Marvel Studios’ Saturday night panel at San Diego Comic-Con did not skimp on the surprises and revelations. Starting first and foremost with this one:
1. Joss Whedon announced that the Avengers sequel will be subtitled Age of Ultron.
For those unfamiliar, in the comics, Ultron was a sentient robot created by Henry Pym (a.k.a. Ant-Man, a.k.a. the hero of the Marvel Studios movie that follows Avengers: Age of Ultron) who becomes obsessed with remaking himself over and over again, improving each time and laying waste to those who got in his way.
But the real eyebrow-raising element here is the specific title, “Age of Ultron.” That title is shared by a 2013 limited series in which Ultron basically decimates the entire planet. It would be impossible for Marvel to mount a straight-forward adaptation of that series — Spider-Man, the Fantastic Four’s Invisible Woman, and especially Wolverine figure prominently in the plot, and the movie rights to those characters are held tightly by other studios. But by claiming that title, writer-director Joss Whedon appears to be indicating that the stakes for Avengers 2 are expanding far beyond an alien invasion of New York City.
One other thought: Marvel has more than proven it knows how to mount feature films that satisfy the core geek faithful, while still entertaining a much wider audience who only know the characters from the movies and not the comics they’re based on. But The Avengers: Age of Ultron is an inescapably geeky title — at least, much more so than Thor: The Dark World and Captain America: The Winter Soldier. It’s just a fascinating risk for Whedon and Marvel to push the sequel to the third-highest grossing movie of all time into such seemingly dark and (relatively) rarefied territory.
2. Captain America: The Winter Soldier is attacking the 2010s by way of the 1970s.
While he did not appear at the panel, Robert Redford loomed large over he second Captain America movie, which star Chris Evans made clear swims in the murky, paranoid waters of our current age of surveillance and militarism. In the extended trailer for the film, Redford’s S.H.I.E.L.D. bigwig tells Evans’ Captain America, “To build a better world, sometimes you have to tear the old one down.”
The footage in general looked strong, placing Cap squarely in a story concerned with the nitty-gritty realities of today rather than the vast, fantastical storylines that have dominated Marvel films for a while now. (Even the Extremis plot of Iron Man 3 was rather over-the-top.) I especially enjoyed the contained fight sequence that opened the footage, in which a pack of S.H.I.E.L.D. agents crowd into an elevator and try to take Cap down. “Before we get started,” Cap says, when he realizes what’s about to go down, “does anyone want to get out?” Nice. (The brief shots of Anthony Mackie’s Falcon — flying off a helicarrier as a futuristic fighter attacked him — also made a strong impression.)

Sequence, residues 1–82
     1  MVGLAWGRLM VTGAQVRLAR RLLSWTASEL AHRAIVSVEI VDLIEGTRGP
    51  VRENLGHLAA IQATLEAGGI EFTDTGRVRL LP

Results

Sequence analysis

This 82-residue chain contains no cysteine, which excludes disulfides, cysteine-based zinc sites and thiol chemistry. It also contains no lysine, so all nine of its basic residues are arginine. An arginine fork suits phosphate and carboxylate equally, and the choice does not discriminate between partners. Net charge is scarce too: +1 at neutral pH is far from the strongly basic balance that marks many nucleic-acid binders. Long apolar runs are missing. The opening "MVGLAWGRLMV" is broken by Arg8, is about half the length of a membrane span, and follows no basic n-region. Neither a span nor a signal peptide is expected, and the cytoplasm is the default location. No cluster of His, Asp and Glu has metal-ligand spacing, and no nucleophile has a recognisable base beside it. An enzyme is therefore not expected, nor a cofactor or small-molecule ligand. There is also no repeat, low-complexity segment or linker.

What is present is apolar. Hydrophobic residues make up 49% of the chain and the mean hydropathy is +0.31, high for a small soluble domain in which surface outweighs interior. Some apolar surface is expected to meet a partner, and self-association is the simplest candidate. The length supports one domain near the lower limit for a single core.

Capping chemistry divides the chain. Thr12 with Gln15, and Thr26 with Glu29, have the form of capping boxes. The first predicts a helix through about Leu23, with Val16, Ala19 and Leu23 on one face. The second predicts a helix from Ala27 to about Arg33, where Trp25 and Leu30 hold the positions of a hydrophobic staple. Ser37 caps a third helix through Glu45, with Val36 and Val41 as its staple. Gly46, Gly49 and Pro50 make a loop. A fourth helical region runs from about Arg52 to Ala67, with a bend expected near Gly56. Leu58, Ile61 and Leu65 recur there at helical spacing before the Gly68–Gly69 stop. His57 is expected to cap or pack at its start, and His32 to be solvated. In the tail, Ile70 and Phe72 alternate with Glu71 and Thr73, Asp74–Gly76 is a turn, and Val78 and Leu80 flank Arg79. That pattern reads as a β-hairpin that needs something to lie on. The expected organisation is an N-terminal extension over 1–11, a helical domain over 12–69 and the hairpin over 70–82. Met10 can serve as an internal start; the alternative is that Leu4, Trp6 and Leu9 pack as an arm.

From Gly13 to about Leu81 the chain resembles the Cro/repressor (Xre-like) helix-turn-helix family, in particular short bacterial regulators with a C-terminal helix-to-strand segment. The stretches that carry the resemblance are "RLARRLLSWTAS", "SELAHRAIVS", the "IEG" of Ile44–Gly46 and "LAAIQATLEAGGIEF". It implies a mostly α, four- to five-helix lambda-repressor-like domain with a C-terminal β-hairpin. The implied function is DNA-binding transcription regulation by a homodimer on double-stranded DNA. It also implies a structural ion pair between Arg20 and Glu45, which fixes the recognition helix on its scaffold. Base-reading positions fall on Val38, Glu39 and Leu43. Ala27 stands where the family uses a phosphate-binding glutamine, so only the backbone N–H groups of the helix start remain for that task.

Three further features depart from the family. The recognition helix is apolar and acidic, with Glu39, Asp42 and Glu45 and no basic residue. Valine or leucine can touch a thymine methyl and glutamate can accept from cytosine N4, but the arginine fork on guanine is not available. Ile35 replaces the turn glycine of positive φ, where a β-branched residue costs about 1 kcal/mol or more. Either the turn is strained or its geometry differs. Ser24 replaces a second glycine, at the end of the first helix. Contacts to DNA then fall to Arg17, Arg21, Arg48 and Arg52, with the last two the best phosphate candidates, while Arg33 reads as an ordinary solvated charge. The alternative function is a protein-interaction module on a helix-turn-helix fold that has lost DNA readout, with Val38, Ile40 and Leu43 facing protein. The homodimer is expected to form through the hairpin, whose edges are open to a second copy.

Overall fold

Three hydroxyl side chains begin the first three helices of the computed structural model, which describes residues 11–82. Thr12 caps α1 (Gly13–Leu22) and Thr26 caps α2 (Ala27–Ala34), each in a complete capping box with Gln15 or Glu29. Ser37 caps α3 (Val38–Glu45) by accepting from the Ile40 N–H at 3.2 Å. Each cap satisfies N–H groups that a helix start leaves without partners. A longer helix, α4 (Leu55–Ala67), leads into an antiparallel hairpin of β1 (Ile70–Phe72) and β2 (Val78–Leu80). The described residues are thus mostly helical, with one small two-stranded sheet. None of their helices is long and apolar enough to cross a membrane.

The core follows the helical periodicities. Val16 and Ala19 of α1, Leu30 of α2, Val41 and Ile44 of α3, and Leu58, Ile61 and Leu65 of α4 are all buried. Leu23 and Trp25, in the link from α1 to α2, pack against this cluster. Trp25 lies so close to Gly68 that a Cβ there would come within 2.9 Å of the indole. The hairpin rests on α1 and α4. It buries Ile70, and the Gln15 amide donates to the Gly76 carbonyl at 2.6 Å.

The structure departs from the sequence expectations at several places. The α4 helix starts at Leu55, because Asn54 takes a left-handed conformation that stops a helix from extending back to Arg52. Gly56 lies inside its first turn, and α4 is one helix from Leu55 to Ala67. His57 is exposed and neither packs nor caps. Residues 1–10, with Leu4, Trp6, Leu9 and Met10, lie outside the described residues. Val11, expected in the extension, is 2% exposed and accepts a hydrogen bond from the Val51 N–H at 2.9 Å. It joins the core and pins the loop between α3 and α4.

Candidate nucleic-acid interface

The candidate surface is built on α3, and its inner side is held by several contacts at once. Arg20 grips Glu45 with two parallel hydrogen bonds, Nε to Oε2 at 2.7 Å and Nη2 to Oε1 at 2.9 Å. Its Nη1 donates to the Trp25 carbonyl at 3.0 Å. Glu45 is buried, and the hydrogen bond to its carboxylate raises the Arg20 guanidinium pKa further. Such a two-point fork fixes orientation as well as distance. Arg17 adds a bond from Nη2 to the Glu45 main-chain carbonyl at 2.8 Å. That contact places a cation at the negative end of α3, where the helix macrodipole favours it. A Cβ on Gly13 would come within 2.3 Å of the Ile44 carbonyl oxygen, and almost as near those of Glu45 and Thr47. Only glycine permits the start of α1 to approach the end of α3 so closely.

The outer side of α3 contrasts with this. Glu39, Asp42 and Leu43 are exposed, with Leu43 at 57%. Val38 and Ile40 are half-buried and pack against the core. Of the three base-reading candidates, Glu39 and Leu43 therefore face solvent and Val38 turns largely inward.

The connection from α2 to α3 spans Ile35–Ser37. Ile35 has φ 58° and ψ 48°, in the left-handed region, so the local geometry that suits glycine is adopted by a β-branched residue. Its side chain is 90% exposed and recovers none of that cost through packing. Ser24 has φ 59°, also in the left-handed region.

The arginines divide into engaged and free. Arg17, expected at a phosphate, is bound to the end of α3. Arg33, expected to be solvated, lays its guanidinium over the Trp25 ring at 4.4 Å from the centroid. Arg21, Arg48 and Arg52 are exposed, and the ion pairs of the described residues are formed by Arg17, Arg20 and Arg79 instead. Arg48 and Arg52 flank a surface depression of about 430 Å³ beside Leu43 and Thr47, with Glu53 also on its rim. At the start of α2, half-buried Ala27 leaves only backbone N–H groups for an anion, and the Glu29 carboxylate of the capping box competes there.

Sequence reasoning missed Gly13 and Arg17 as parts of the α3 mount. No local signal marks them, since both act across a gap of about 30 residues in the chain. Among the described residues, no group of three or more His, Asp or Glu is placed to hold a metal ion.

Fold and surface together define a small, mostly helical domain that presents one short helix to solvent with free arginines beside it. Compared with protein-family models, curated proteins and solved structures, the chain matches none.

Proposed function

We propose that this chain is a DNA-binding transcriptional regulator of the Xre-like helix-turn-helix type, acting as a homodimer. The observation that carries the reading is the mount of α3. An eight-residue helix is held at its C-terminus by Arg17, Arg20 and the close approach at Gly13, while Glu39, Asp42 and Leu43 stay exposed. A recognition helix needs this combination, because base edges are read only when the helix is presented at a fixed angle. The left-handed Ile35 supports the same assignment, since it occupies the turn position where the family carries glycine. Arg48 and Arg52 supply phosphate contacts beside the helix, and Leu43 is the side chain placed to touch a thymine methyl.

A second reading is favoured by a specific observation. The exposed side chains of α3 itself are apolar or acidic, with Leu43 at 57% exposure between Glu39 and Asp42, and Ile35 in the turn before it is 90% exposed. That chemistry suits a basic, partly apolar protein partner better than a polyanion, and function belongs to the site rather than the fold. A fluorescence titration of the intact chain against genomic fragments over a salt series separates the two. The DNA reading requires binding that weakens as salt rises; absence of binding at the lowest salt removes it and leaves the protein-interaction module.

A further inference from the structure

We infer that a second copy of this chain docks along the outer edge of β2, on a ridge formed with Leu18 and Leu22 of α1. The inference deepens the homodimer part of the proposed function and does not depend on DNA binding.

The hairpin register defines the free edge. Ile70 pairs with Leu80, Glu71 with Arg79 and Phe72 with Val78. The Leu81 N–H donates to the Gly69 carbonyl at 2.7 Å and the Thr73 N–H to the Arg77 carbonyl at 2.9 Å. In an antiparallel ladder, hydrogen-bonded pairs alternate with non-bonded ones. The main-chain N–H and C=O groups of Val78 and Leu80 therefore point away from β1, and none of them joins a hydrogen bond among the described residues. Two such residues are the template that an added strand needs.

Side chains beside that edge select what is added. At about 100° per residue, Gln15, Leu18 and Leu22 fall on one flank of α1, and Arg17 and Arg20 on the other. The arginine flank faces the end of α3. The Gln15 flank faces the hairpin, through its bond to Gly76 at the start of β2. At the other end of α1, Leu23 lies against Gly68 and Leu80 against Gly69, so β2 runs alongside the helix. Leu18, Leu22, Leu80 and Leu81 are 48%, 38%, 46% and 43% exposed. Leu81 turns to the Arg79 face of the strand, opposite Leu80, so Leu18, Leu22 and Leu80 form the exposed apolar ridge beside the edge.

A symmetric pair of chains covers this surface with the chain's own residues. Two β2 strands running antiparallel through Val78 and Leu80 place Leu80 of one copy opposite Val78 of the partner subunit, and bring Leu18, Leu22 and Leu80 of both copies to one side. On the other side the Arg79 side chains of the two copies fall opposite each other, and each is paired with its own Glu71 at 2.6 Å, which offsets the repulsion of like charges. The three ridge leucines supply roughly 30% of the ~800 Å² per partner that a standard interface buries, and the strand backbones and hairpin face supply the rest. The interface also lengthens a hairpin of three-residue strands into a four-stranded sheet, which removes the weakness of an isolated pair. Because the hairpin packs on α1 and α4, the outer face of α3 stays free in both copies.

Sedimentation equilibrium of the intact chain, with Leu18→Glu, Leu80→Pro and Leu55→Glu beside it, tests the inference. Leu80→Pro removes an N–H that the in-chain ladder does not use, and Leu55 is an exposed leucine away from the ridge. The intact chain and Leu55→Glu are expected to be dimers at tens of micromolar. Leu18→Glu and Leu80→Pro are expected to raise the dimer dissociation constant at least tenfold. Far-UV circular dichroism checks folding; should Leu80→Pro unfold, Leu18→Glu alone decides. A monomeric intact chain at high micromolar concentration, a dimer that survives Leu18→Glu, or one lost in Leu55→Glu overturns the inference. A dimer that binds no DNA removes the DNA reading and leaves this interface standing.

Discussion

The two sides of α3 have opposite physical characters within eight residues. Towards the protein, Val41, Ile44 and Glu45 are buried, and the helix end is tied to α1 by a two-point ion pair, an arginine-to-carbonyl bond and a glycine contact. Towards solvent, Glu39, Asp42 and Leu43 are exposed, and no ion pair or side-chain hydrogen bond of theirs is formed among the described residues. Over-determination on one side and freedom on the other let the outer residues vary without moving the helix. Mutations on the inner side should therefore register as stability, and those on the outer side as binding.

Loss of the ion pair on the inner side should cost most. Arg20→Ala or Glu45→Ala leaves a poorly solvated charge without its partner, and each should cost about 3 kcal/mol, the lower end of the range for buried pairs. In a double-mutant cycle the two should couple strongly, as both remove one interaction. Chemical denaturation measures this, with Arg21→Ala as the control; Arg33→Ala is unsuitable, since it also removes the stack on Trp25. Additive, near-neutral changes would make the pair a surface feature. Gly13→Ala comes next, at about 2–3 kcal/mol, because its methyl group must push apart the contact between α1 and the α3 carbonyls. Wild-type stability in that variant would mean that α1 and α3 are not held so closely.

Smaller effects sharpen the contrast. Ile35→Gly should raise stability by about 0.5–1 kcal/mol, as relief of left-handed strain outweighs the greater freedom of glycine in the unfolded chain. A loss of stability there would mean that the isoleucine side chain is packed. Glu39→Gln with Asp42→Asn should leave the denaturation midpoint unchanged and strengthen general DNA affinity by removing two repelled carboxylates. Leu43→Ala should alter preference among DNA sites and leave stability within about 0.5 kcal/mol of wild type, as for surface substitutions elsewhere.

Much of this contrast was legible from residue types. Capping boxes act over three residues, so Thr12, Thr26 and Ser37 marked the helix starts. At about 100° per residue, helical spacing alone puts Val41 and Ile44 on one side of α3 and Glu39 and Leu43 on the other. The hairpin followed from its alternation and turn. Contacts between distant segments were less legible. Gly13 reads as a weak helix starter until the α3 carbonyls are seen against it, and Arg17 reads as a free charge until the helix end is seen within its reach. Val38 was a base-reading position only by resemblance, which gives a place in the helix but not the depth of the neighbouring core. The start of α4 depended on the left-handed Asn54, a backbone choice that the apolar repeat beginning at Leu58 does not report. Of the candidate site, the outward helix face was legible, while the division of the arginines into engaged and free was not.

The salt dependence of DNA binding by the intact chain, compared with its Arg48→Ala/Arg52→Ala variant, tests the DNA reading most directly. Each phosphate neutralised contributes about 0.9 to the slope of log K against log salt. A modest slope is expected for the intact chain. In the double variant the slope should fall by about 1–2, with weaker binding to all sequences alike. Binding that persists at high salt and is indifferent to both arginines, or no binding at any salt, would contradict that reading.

For comic book fans, the most welcome revelation at the panel — which featured actors Evans, Scarlett Johannssen, Samuel L. Jackson, Sebastian Stan, Cobie Smulders, Emily Van Camp, and Frank Grillo, directors Joe and Anthony Russo, and producer (and Marvel Studios chief) Kevin Feige — was when Feige confirmed that the storyline would follow the arc penned by comic book writer Ed Brubaker for Bucky Barnes (Sebastian Stan), a.k.a. the Winter Soldier of the title.
Barnes, you may recall, seemingly fell out of a train to his death in 2011’s Captain America. Instead, he was transformed into, well, click here if you want to know more.
3. Guardians of the Galaxy looks hysterical.
With characters like “Ronan the Accuser” (played by Lee Pace) and “Drax the Destroyer” (played by WWE star David Batista, who said he cried when he got the role) it’s perhaps not a huge shock that Marvel tapped writer-director James Gunn (Slither) to make Guardians of the Galaxy into a sci-fi action comedy, with an emphasis on the comedy. Feige claimed the cast had only been shooting for less than two weeks, but the ample footage he screened of the film looked incredibly polished — especially the CG work for Rocket Raccoon and living tree creature Groot. (No word yet on who is voicing those characters, by the way.)
More to the point, it was really funny. Chris Pratt certainly got jacked to play Star-Lord a.k.a. Peter Quill — “I got the role six months ago,” he said at the panel, “and they said, ‘Great job, but you’re too fat!’” — but he was clearly also hired for his killer comedic timing. And when you hire John C. Reilly to play the man who introduces each of the Guardians — Drax, Star-Lord, Groot, Rocket, and Gamora (Zoe Saldana) — you’ve pretty well staked a claim to what kind of movie you’re making. “They call themselves the Guardians of the Galaxy,” says Reilly. To which a colleague says, “What a bunch of a-holes.”
4. Loki deserves his own movie.
You can click here to read how Tom Hiddleston’s appearance as Loki before the Thor: The Dark World footage completely overwhelmed Hall H and sent the internet into conniptions. But I’ll just note once again that a character and actor this insanely popular would do well to have his own film.
- Some Bernie-or-Busters protested Hillary Clinton's DNC speech, but a tightly organized plan — from coordinated chants to secret allies — kept heckling off TV.
- Two brothers suspected of planning terror attacks have been arrested in Belgium, prosecutors say.
- Four people in Florida are likely the first to contract the Zika virus from mosquitos in the US, the state's governor says.